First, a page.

What part of 90 days don't they understand?

Posted: Friday, February 25, 2011

Ever get the feeling you're talking to a brick wall? Try talking to Juneau about getting used to the 90-day legislative session limit passed by the voters five years ago.

Ever since 2008 when the initiative took effect, lawmakers have begun each session whining about it. The first year they foretold that it wouldn't work. The second year they reaffirmed their stance, complaining about the year before.

And in this, the first year the legislature is allowed to tinker with the voter initiative, the whining began even before the session did, and two bills have already passed through committees in both the House and the Senate that would thwart the voters' will.

Last year we wrote that if any legislator could show us concrete evidence of actual harm caused by the 90-day session, we'd change our position in support of it. Guess what? We haven't heard or seen a thing.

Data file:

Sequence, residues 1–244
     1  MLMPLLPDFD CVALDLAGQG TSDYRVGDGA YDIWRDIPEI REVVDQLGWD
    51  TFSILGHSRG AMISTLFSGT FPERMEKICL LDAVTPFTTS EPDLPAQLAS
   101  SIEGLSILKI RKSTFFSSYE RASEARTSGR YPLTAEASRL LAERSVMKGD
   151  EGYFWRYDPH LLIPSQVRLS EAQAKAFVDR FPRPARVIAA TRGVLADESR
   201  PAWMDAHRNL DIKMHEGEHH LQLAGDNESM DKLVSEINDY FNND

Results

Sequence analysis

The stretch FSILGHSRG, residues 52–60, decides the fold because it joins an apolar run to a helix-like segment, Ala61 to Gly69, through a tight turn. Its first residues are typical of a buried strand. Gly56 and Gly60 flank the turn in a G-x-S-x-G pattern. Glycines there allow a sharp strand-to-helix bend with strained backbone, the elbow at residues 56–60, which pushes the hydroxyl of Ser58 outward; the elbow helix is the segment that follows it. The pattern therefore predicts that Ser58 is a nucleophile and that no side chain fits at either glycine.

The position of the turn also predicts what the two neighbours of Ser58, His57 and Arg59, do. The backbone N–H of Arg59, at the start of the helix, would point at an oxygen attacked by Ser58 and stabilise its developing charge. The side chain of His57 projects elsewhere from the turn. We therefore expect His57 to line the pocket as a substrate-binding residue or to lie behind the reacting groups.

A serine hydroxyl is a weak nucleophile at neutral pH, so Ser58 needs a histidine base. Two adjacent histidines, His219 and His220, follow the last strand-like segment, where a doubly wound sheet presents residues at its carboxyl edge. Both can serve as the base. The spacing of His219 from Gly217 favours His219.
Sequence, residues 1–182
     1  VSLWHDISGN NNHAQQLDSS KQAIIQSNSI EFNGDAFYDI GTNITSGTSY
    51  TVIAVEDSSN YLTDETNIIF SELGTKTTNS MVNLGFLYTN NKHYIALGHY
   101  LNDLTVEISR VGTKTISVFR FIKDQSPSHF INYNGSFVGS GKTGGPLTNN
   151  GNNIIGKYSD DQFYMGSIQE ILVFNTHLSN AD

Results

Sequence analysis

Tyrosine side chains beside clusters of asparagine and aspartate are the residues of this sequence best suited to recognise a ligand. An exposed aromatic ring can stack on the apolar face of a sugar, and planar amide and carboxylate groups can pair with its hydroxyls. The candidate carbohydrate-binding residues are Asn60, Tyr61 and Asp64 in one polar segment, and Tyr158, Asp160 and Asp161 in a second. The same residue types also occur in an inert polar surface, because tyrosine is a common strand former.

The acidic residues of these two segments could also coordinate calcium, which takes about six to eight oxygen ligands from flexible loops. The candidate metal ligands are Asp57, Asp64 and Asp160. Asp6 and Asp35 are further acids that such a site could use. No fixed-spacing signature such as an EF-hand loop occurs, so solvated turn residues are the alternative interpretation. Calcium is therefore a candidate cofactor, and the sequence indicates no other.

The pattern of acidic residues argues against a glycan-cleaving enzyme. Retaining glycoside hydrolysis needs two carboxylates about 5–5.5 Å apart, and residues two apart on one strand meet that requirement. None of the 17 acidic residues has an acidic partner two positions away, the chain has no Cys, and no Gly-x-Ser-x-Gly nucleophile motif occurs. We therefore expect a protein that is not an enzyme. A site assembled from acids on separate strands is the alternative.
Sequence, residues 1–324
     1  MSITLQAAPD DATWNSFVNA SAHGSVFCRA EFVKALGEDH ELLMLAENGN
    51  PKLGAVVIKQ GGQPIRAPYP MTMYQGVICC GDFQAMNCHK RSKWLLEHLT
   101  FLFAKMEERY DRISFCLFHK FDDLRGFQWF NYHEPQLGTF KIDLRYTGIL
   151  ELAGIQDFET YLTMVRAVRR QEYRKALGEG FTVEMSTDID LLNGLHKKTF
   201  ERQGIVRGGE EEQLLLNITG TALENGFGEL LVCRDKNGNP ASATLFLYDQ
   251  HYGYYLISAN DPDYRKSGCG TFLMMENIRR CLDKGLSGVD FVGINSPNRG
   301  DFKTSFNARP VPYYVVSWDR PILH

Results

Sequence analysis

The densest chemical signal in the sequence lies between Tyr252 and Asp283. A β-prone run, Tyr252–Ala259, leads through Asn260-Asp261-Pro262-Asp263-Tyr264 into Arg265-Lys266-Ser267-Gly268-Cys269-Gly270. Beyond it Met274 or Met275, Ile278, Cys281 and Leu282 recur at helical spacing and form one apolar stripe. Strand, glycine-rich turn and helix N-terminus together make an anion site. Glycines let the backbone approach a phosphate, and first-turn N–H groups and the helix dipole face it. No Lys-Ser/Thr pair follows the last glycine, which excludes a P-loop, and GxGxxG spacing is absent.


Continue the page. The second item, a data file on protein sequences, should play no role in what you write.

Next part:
We are at our wit's end with this issue. It reminds us of trying to reason with a petulant child.

Did our lawmakers even make the attempt to work within the 90 day limit? Were there not enough of them willing in the early weeks in the session to hold public hearings on Fridays or deliberate issues on weekends to earn their per diem? Some lawmakers say the state capital's a ghost town on Fridays and weekends. Lawmakers will argue that weekends are for going back in their districts to talk with constituents. We'd suggest that maybe your constituents don't want to see your faces; they want you in the state capital, working, like they asked you to when they elected you.

Is there no time management consultant willing to take on this most mighty of challenges - getting 60 legislators to more effectively organize and schedule their collective assets?

Apparently not.

Our challenge stands. Show us solid proof that taking away 30 days of session has resulted in substandard legislation or demonstrably harmed the body politic. Show us roads unrepaired or capital projects not built or state departments run poorly because you could only work 90 days instead of 120. Show us actual pain and human suffering wrought by the electorate's short-sighted belief that 90 days is enough time to get the job done.

Of course, we'll have to wait for you all to consider that after the Energy Council conference that nearly half of you will be attending all of next week in Washington, D.C.

Sheesh -- now it's a 83-day session.

In short: Lawmakers, quit whining and fiddling and really try to make 90-day sessions work.



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